This year representatives from about 150 different colleges and universities visited Colorado Academy -- significantly more than the roughly 85 students who will graduate from the school this year. Moody says the number of recruiters has increased about 20 or 30 over the past two years.
Mark Hatch, Colorado College’s vice president for enrollment, said he has seen a significant growth in the amount of competition from colleges outside the region. “College fairs are more crowded,” he said. “All the time people tell us they’re coming west.”
He said that while he likes to “protect his backyard,” he doesn’t see the growth of liberal arts recruitment in the Denver area as a bad thing, particularly because it raises awareness of the liberal arts sector to families who might not be exposed to it. “One could argue that when we go to Boston, we’re better-known to families than when we’re in Denver. You can throw a rock and hit a good liberal arts college in Boston,” he said. “You get more students who are juniors and sophomores saying, ‘Where did Jimmy go last year? Isn’t there one of those schools an hour south of us?' ”
Nowhere Left to Go
The problem that colleges such as Augustana are starting to run into is that there are few untapped metropolitan areas left. Most either have a critical mass of liberal arts colleges or are seeing heavy recruitment from other, typically more local, colleges, so it would be tough for any liberal arts college to break through.
Barnds said Las Vegas and the Dallas-Fort Worth areas might hold promise, but beyond that, there are few places left to expand recruitment. “I think there might be one or two more markets, rather than seven or eight,” he said.
While the sheer numbers of high school graduates in places such as Denver and Phoenix are enticing, the population growth in those cities might not be among the groups that most colleges are looking for when they expand their reach. For many colleges, the recruitment growth is a way to either bulk up the quality of their classes their by drawing high achievers or to maintain their bottom lines with students who can pay full or close-to-full tuition. But the growth of high school students in the West is predominantly among low-income Hispanic and African American students.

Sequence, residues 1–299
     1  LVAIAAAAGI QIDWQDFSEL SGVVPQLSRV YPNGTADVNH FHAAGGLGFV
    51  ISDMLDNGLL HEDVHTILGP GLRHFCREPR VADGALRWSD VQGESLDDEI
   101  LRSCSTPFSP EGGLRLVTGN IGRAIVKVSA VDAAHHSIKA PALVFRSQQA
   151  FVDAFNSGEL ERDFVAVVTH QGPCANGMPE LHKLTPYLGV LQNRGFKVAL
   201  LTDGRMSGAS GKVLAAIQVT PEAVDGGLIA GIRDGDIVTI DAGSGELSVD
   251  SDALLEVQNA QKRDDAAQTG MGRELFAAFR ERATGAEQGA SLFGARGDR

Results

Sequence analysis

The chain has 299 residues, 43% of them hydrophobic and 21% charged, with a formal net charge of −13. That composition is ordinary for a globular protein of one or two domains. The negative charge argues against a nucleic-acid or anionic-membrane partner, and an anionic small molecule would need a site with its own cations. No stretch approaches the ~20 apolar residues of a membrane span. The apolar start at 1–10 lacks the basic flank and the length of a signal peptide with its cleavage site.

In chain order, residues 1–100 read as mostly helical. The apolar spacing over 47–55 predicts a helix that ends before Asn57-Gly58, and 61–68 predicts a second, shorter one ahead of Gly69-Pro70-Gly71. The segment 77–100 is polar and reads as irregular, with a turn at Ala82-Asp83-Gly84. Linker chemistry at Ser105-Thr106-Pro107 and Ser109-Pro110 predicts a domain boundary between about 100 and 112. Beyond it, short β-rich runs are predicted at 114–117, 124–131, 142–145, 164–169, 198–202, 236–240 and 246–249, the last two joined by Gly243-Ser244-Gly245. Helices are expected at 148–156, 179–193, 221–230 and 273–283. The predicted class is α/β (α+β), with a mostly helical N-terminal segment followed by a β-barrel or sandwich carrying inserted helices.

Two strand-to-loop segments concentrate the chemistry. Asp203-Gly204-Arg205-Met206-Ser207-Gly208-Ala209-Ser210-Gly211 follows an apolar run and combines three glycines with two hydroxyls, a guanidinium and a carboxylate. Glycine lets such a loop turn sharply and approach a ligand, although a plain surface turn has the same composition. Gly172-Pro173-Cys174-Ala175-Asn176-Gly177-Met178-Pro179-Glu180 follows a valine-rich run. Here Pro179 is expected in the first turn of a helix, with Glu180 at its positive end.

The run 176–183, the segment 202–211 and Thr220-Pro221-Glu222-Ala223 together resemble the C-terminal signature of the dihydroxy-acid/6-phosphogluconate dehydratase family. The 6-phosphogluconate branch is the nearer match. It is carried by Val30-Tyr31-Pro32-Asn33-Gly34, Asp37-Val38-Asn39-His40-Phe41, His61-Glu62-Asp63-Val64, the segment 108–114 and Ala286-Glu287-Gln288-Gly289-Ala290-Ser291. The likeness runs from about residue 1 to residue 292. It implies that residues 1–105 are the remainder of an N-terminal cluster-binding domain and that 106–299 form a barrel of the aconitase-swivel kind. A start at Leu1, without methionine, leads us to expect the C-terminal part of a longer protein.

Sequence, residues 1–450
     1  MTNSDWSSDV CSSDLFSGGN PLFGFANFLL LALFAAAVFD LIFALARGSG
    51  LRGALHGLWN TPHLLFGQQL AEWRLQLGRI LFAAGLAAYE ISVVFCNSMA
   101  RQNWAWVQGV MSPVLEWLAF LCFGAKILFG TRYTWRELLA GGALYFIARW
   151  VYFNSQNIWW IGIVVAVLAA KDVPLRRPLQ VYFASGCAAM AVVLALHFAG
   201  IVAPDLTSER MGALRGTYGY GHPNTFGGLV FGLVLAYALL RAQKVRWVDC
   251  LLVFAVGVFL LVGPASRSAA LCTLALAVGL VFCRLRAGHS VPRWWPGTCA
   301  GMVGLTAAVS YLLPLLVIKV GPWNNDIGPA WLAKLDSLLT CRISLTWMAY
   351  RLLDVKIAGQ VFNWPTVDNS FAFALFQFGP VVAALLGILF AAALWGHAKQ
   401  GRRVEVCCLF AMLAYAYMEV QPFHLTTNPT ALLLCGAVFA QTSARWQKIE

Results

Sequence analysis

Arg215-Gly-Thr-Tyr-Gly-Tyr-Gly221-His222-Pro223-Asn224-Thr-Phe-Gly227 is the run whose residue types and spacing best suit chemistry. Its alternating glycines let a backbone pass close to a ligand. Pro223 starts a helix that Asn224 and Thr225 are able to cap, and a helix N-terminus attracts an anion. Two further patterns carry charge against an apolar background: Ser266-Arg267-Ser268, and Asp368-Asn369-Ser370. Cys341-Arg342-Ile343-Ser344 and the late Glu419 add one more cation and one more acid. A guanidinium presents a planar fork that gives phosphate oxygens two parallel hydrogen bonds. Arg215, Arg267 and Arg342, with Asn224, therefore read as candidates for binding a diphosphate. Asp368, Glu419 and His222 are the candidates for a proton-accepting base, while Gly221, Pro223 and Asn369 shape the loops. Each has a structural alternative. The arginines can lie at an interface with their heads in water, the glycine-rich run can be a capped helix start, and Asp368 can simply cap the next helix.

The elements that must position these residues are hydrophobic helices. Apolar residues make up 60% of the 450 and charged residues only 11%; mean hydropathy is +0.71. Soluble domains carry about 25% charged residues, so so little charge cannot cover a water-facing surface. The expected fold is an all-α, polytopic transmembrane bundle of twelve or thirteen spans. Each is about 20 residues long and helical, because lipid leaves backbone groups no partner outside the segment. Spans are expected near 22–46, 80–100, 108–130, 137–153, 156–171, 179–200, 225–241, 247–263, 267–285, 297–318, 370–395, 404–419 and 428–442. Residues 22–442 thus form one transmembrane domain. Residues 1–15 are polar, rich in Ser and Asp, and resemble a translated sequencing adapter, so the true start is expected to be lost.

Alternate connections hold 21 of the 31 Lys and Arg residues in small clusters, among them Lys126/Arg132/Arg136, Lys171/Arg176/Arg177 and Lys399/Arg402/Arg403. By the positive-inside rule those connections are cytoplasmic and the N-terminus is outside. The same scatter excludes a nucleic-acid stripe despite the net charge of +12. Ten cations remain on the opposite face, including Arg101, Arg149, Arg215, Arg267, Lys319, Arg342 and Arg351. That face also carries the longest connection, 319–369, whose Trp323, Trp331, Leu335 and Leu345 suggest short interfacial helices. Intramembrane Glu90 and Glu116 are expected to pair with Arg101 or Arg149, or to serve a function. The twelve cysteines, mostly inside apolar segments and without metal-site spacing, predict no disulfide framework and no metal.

“The reality is that the type of students that most colleges want to recruit doesn’t go that deep,” Hatch said. “Particularly when it comes to students of color, we as a country don’t have a good track record of getting them ready for private, selective colleges.”
Athletic programs that could be used to recruit students are also virtually tapped out. Augustana has 21 varsity teams. There are also not that many more academic programs to add without fundamentally changing the nature of the college.
Right now such short-term moves are holding off a significant change in how liberal arts colleges operate. As long as they can continue to tap into new groups of students who are willing to pay $40,000 in tuition for a liberal arts degree, then the college does not have to make substantial changes to how it operates.
Over the next few years, Augustana is planning to undergo a significant strategic planning initiative that will confront some of the major challenges the college's president, Steven C. Bahls, and others believe will affect colleges like theirs over the next few decades. Among them: how to incorporate technology into the curriculum, how to address declining interest in traditional liberal arts programs, and how to change the financial model to make it more sustainable.
The goal of the recruitment expansion is to buy the time to get that process completed.